Short-sighted climate policy jeopardizes other UN sustainable development goals

The longer the world delays implementing ambitious climate policy, and the fewer technologies it is willing to use, the more it lowers the prospects of reaching the other UN sustainable development goals (SDGs). This is the finding of a new study led by the Mercator Research Institute on Global Commons and Climate Change (MCC) in Berlin. “The UN sustainable development goals form a complex structure. Anyone seeking to interfere in any which way should be aware of the complicated mechanism,” says Christoph von Stechow from the MCC. Together with a team of international scientists, von Stechow published an article entitled “2°C and SDGs: United they stand, divided they fall?” in the prestigious journal Environmental Research Letters today.

The seventeen SDGs were adopted in 2015 by all 193 countries of the United Nations and are intended to be reached by 2030. Based on the latest IPCC report, the researchers have examined, for the first time, the reciprocity between climate change mitigation and ten other SDGs and sustainable energy objectives, such as access to affordable and clean energy, less ocean acidification and reduced air pollution. Based on existing scenarios that keep global mean temperature rise below 2°C, the scientists calculated the impacts on various sustainability risks across different models.

“For example, if, in pursuit of food security, the world’s climate change mitigation strategy was to rely less on bioenergy, some goals, such as air quality, would also be easier to accomplish. By contrast, other goals, such as affordable energy, would become more difficult to reach,” says MCC researcher von Stechow. “Those who insist on less bioenergy would have to decarbonize the economy more quickly by stopping coal power earlier and accelerating the expansion of renewables.”

Thus, the different pathways to reaching the 2°C goal endanger achieving the other sustainability goals to varying degrees. For example, delays in climate policy and technological constraints have an exacerbating effect on each other. However, a promising angle from which to advance mitigation is a significant rise in global energy efficiency to reap synergies and keep trade-offs manageable. At present, energy efficiency is growing at about 1.3 percent per year. And with an increase to just below two percent, countries across the world would decrease their dependency on problematic technologies such as underground carbon storage and nuclear power by roughly one third in order to limit global warming to 2°C. Even short-term economic impacts would be significantly less severe and food security would be less threatened.

The new study aims at advancing a public debate in order to assess the risks of various mitigation pathways rather than categorically excluding certain options. “Mitigation strategies likewise have risks; yet these are not comparable to those of unabated climate change,” says Keywan Riahi, study co-author and Director of the Energy Program at the International Institute of Applied System Analysis (IIASA) in Laxenberg, Austria. “Whether mitigation pathways will be viable and acceptable at the local scale will be largely determined by their impact on other sustainability goals.”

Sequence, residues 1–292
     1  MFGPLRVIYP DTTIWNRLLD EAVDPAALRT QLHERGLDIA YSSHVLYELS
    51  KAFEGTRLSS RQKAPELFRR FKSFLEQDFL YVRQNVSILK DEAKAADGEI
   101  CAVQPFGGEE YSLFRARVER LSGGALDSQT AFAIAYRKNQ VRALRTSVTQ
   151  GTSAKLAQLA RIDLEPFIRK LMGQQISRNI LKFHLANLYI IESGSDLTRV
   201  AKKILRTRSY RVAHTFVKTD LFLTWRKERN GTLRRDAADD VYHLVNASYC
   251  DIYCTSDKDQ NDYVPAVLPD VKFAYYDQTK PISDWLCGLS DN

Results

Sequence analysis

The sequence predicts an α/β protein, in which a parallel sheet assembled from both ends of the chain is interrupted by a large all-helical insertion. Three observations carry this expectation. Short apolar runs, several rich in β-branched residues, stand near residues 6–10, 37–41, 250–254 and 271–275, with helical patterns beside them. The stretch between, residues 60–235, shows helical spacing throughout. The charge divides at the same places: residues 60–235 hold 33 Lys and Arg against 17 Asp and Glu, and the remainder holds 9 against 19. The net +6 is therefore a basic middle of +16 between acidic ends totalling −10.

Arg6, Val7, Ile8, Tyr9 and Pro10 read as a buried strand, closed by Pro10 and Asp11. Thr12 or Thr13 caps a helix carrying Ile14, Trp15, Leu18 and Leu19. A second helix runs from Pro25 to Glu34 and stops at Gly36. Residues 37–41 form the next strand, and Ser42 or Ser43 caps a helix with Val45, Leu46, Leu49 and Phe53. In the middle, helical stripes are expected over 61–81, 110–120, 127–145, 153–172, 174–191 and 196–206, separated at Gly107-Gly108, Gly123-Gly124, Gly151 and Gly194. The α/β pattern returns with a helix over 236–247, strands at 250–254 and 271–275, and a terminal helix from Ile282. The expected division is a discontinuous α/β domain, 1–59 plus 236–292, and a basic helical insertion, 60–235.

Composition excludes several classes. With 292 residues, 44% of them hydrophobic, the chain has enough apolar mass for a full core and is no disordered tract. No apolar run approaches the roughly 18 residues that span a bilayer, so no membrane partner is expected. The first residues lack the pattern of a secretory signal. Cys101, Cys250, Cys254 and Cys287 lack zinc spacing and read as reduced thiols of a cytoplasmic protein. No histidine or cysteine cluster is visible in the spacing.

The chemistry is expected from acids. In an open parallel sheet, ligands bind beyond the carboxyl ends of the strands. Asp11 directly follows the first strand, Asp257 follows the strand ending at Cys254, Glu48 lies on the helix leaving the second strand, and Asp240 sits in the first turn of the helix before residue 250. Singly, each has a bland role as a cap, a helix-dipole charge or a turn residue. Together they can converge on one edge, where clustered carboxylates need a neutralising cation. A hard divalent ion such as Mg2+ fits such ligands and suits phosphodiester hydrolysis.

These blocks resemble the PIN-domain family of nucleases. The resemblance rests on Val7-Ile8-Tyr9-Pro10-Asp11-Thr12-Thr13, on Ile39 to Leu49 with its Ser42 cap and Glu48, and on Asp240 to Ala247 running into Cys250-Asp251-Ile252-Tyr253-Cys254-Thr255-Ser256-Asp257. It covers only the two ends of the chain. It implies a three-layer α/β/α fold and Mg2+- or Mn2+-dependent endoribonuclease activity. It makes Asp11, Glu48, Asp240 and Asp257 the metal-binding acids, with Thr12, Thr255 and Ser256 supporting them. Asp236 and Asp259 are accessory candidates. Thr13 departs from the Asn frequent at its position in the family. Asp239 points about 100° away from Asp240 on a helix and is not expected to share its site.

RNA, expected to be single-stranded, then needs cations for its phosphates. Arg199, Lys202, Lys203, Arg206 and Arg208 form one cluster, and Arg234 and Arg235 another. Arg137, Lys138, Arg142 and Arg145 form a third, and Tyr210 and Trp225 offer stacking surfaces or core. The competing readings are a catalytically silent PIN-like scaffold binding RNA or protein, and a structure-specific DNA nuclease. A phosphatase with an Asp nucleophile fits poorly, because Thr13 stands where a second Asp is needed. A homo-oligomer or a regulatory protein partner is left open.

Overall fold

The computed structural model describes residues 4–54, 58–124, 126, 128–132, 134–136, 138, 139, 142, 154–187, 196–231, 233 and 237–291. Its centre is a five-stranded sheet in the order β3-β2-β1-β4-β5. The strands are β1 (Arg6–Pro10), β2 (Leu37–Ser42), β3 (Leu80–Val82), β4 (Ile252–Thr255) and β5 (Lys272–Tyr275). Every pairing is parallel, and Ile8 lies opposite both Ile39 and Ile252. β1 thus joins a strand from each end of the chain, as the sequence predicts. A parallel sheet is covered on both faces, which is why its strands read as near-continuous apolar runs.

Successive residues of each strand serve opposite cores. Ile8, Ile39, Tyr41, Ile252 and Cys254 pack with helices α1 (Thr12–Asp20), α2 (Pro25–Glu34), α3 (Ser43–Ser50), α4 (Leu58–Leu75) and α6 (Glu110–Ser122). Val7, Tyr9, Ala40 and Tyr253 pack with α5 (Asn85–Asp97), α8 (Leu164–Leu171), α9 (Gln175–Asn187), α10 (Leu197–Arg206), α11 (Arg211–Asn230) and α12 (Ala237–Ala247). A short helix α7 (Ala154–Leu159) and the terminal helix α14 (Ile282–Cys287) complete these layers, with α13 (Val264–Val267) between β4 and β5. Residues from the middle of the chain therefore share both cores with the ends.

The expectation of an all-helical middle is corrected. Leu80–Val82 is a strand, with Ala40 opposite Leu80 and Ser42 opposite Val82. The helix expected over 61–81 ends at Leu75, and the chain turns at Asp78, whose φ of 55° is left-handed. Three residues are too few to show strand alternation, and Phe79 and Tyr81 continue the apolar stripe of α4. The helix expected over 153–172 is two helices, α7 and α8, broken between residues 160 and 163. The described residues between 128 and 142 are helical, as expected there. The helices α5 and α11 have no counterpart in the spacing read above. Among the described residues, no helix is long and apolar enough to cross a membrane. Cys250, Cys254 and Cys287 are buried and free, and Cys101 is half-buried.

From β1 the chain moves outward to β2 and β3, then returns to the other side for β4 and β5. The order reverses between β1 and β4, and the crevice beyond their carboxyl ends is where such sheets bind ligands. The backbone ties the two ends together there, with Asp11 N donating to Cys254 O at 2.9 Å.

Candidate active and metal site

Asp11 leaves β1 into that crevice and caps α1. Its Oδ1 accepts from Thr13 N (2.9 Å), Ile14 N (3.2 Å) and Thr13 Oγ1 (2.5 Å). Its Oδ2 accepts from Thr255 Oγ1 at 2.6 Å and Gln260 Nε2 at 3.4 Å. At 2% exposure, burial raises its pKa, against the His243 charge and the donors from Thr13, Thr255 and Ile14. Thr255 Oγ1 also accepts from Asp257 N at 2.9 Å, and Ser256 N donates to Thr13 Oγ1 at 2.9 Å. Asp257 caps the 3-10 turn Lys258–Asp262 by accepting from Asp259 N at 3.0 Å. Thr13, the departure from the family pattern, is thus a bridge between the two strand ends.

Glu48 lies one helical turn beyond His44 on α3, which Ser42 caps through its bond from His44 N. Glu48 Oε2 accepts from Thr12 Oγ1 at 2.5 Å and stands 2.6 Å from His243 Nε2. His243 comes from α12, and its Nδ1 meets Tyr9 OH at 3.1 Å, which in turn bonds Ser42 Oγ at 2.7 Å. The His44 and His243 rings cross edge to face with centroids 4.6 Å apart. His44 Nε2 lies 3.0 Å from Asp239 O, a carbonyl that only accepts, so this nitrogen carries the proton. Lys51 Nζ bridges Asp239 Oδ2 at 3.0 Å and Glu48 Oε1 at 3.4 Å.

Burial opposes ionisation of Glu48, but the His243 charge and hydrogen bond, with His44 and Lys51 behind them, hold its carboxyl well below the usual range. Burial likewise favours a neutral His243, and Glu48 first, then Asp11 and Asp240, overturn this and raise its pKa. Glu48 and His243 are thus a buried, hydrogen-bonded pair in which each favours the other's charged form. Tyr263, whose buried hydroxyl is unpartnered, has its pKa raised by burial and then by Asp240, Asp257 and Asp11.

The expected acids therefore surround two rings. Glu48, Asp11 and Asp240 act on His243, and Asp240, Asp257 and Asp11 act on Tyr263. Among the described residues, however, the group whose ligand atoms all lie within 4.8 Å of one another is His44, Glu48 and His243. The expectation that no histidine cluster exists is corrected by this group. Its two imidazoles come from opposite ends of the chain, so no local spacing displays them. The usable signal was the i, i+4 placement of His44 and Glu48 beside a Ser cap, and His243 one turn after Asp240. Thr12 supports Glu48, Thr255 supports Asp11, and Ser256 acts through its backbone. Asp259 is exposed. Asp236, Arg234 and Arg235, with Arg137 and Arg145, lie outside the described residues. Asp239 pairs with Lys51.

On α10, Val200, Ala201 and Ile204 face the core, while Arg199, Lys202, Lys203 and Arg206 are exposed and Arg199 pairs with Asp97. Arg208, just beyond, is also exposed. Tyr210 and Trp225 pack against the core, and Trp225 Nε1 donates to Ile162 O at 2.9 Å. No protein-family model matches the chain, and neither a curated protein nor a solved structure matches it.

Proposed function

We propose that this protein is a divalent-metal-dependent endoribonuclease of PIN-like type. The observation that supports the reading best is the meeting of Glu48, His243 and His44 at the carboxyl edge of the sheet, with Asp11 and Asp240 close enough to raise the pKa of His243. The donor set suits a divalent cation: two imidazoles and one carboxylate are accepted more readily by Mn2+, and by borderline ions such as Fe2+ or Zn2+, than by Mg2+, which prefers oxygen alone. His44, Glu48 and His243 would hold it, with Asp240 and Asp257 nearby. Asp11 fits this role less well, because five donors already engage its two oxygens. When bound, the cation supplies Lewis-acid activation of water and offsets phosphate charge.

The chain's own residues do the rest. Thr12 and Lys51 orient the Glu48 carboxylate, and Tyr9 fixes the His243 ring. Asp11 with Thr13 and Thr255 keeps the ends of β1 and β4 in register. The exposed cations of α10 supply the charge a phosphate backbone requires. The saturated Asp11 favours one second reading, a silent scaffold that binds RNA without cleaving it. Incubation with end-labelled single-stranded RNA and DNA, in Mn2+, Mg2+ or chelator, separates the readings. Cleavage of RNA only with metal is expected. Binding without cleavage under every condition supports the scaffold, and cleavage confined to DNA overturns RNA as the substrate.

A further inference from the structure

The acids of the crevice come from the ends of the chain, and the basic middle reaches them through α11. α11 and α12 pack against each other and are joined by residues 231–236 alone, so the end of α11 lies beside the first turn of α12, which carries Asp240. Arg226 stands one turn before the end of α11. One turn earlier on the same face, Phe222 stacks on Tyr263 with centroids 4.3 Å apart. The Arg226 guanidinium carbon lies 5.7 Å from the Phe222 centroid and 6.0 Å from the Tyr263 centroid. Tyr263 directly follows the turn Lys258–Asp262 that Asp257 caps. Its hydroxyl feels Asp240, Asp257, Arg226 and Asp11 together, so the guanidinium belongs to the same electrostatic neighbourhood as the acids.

As is well known, time is a crucial factor in climate change. “The clock is ticking, and the longer the world delays implementing an ambitious climate policy, the more difficult it will be to reach many other sustainable development goals,” says Jan Minx, another co-author. Minx is leader of the MCC Working Group Applied Sustainability Science and Professor for Science-Policy and Sustainable Development at the Hertie School of Governance in Berlin. Conversely, a good climate policy could become the key to overcoming global problems caused by air pollution or the lack of food and energy security, namely through clear signals to investors and greater efforts toward energy efficiency. “This means that we must follow up on the Paris Agreement with prompt but well-thought out action”, says Minx.

Link to video abstract:
https://www.youtube.com/watch?v=7zMNkMxT5bQ&feature=youtu.be

Link to the cited study:
von Stechow, C.; Minx, J. C.; Riahi, K.; Jewell, J.; McCollum, D. L.; Callaghan, M. W.; Bertram, C.; Luderer, G.; Baiocchi, G. (2016): 2 °C and SDGs: united they stand, divided they fall? Environmental Research Letters, Volume 11, Number 3
Download: http://iopscience.iop.org/article/10.1088/1748-9326/11/3/034022

Environmental Research Letters covers all of environmental science, providing a coherent and integrated approach including research articles, perspectives and editorials.

About the MCC:
The MCC explores sustainable management and the use of common goods such as global environmental systems and social infrastructures in the context of climate change. Seven working groups conduct research on the topics of economic growth and development, resources and international trade, cities and infrastructure, governance and scientific policy advice. The MCC was jointly founded by the Mercator Foundation and the Potsdam Institute for Climate Impact Research (PIK).

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